GNIS Dilemma

The Geographic Names Information System(GNIS) is one of the greatest boons to those of us who love maps. It’s an extensive database of place names created by the US Geological Survey, and includes cities, towns, communities, crossroads, schools, churches, mountains, rivers, etc,. etc. Basically, any place in the US that has a name is in the database. The database includes coordinates, county, and other basic information about that location.

I’ve used and referenced the GNIS data on this blog many times. The raw data is freely available for download, and I have downloaded just the South Carolina data to create my South Carolina Place Names application. If you’ve ever used a GPS or looked up a location on an online mapping system, you’ve encountered GNIS data. Unfortunately, some companies use this freely available data to flood the web with crappy websites that pollute search results and interfere with the ability to do any meaningful online research about an area.

Here an example…

Yesterday my sister Glynda and I drove through the communities of Stomp Springs and Renno on our way back from visiting our parents in Prosperity. It’s a historical area, and we snapped a few photos and looked at the ruins of the old towns. When I got home I wanted to find more information about the area, so I did a quick Google search for Renno, SC. Here’s the first page of results. You’ll want to click to enlarge…

Renno1.png by RndConnections on Aviary

Most of the pages are for “hometown locators” and various real estate companies. There were even multiple websites for various cable companies. This goes on for multiple search pages – basically a spamming of the Internet based on the GNIS data. Continue reading “GNIS Dilemma”

From Backyard to Ocean


Last night Laura and I were sitting out on our deck look out over the backyard and down to the lake. I wondered what would happen if I were to put my kayak in the water here and paddle it all the way to the ocean. What would I encounter? What rivers would I paddle?

Actually, I’ve got a pretty darn good idea. I’ve paddled and/or explored some sizeable chunks of that route, so I know a bit about it. My paddle route would take this path…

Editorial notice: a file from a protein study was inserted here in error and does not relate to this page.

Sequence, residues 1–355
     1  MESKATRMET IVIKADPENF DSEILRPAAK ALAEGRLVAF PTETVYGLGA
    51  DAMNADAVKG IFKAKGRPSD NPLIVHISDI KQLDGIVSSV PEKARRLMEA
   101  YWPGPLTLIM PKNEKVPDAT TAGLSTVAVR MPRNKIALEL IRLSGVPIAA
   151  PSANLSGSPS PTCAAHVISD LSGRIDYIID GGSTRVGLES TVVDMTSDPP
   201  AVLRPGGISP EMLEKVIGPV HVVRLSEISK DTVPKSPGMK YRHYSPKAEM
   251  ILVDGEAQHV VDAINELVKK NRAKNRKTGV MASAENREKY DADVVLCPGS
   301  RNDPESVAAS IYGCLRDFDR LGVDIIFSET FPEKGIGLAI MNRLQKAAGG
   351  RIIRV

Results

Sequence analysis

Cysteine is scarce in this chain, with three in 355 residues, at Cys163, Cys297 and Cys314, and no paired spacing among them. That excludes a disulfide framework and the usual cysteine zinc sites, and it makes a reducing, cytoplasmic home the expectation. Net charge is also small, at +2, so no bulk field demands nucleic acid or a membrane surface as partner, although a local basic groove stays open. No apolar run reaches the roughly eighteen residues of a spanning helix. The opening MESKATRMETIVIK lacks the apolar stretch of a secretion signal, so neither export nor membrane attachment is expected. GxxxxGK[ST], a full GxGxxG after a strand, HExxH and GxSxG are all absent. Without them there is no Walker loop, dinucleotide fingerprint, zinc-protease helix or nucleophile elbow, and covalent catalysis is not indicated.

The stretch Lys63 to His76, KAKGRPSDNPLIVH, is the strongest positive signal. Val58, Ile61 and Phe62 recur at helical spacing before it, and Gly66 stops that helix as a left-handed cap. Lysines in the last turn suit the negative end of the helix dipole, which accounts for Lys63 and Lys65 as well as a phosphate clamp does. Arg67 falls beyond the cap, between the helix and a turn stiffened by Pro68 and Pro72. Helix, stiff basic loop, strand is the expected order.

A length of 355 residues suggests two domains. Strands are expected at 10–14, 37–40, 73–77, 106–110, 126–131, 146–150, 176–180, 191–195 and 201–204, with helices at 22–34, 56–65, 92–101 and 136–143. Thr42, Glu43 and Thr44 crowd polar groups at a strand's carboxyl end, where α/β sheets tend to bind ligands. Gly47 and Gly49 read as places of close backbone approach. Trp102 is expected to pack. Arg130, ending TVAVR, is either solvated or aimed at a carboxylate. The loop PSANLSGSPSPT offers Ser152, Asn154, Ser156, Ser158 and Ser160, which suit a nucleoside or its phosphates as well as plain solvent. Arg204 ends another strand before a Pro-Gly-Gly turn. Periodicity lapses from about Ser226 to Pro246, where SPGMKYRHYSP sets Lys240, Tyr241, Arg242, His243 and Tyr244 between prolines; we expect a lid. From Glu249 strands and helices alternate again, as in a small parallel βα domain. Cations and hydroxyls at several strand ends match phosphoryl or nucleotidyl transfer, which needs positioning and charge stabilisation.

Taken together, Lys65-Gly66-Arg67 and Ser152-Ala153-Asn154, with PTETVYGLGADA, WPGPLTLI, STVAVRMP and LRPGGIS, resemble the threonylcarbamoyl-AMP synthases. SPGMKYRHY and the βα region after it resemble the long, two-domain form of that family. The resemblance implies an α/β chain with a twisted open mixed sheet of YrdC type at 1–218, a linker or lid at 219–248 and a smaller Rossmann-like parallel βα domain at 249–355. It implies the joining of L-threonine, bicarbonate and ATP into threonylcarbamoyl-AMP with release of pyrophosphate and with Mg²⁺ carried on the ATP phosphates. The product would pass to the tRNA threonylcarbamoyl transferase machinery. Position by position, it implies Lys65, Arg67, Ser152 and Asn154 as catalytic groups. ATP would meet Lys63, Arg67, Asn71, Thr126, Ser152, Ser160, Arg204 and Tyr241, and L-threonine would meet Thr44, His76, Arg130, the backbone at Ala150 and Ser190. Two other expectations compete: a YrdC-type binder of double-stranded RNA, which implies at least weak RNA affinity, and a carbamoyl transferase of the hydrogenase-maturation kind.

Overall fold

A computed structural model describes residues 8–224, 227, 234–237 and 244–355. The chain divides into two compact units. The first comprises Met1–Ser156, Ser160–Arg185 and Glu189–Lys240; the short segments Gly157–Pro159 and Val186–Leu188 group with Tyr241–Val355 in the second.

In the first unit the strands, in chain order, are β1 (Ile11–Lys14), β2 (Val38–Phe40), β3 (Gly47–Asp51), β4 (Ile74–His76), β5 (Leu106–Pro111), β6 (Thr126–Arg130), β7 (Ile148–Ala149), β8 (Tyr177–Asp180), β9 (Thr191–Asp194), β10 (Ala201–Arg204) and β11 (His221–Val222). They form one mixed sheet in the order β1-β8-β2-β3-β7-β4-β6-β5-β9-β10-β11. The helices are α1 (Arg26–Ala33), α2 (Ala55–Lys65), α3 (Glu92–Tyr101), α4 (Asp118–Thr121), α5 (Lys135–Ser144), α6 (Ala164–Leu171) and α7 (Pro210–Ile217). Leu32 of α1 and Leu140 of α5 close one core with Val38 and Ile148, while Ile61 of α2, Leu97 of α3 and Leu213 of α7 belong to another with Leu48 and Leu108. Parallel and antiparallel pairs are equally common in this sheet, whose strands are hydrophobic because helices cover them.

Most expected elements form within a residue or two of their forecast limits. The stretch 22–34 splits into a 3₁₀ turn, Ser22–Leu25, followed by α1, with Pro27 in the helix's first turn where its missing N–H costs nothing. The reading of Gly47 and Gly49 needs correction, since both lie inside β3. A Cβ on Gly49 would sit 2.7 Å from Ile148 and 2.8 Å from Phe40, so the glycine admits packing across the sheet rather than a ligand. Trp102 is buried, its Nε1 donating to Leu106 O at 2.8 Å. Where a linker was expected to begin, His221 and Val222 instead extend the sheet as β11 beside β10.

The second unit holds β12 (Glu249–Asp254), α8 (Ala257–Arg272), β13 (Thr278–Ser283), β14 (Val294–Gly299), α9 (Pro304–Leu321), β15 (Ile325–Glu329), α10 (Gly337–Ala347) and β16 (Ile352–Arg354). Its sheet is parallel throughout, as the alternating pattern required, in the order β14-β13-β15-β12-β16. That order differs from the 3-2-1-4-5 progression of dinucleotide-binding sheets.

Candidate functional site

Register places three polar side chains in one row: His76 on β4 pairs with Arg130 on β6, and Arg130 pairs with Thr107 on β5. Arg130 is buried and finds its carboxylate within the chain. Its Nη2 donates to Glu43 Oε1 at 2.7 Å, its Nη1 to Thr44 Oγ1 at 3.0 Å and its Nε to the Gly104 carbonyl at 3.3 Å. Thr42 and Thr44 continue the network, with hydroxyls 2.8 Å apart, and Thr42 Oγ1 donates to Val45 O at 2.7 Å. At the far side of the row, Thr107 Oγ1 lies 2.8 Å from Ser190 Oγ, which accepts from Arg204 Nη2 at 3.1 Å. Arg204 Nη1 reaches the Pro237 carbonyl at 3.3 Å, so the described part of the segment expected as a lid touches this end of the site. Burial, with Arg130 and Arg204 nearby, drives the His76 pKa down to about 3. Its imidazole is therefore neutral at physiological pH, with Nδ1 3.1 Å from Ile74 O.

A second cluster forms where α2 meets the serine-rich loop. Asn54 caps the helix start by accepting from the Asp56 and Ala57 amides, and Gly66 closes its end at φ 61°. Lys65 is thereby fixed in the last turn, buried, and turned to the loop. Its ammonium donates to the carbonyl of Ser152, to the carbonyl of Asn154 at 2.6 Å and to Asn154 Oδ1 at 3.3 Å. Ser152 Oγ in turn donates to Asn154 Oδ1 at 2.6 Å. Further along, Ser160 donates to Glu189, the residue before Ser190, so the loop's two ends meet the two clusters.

Lake Fairfield –> Brushy Creek –> Enoree River –> Broad River –> Congaree River –> Santee River –> Atlantic Ocean

I’d love to be able to do that whole route without ever having to leave the boat. Unfortunately, there are a few things like shoals, trees, strainers, and a few dams in the way, not to mention Parr Shoals Reservoir and Lake Marion. Continue reading “From Backyard to Ocean”

Greenville Historical Aerial Imagery

Downtown Sanford 1920

Sometime last week the Greenville Cageliner had an article about a new website from the Greenville County GIS Office ( The website features historical aerial photography imagery as a map, similar to Google Earth. Images are available for 1955, 1965, 1979, 1989, 1997, and 2009, and cover the downtown area, along with a bit of the county. Also included is the Sanford Insurance Map of the city from 1920.

I could spend a HUGE amount of time exploring the site. Looking at how the city has changed over the decades has been fascinating, and somewhat depressing. The patterns of urban sprawl are quite clear at a distance, and it can be sad to look back on landmarks that are no longer there. On the other hand, there have been some marked improvements in areas such as along the banks of the Reedy River, and these images show that very clearly.

I started with the area around the old Furman campus. I had never really understood the location of the old bell tower in relation to the rest of the campus, but this imagery makes it very clear. (Click on the images for a larger view.)

Old Furman Campus 1955 Continue reading “Greenville Historical Aerial Imagery”

US 1

When I was about 12 years old my brother-in-law gave me a Rand McNally Road Atlas. I had already been collecting maps for some time, so having an atlas with a map of every state in the US was a dream come true. I pored over every state, plotting out extended road trips.

One road that especially caught my attention was US 1. First, there was its primacy in the numerical highway system. It must be important if it’s number 1. Then, there was the route. It runs all the way from Key West, Florida, to the northernmost point in Fort Kent, Maine. And finally, there were all of the interesting cities that it connected – places I’d never been, such as Washington, D. C., Philadelphia, New York, and Boston. It seemed like the perfect highway to me.

Recently I’ve had the occasion to drive different segments of US 1 – in Columbia last week, in Florida two weeks ago, and in Maine over this past summer. The recent jaunts on this highway rekindled my interest, so I started exploring the route in Google Earth, and trying to find out what I could about its history. Continue reading “US 1”

DARPA Challenge Update

Well, that didn’t take long. By 5:00 PM DARPA had already announced a winner in their 2009 Challenge. The challenge was supposed to last through December 14, but it was obvious from early on that it wouldn’t take that much time. As shown on the map above, the balloons were located in places where it would have been hard to miss them (although there is a large wedge of the Midwest with no ballooons.) The winner was the team from MIT.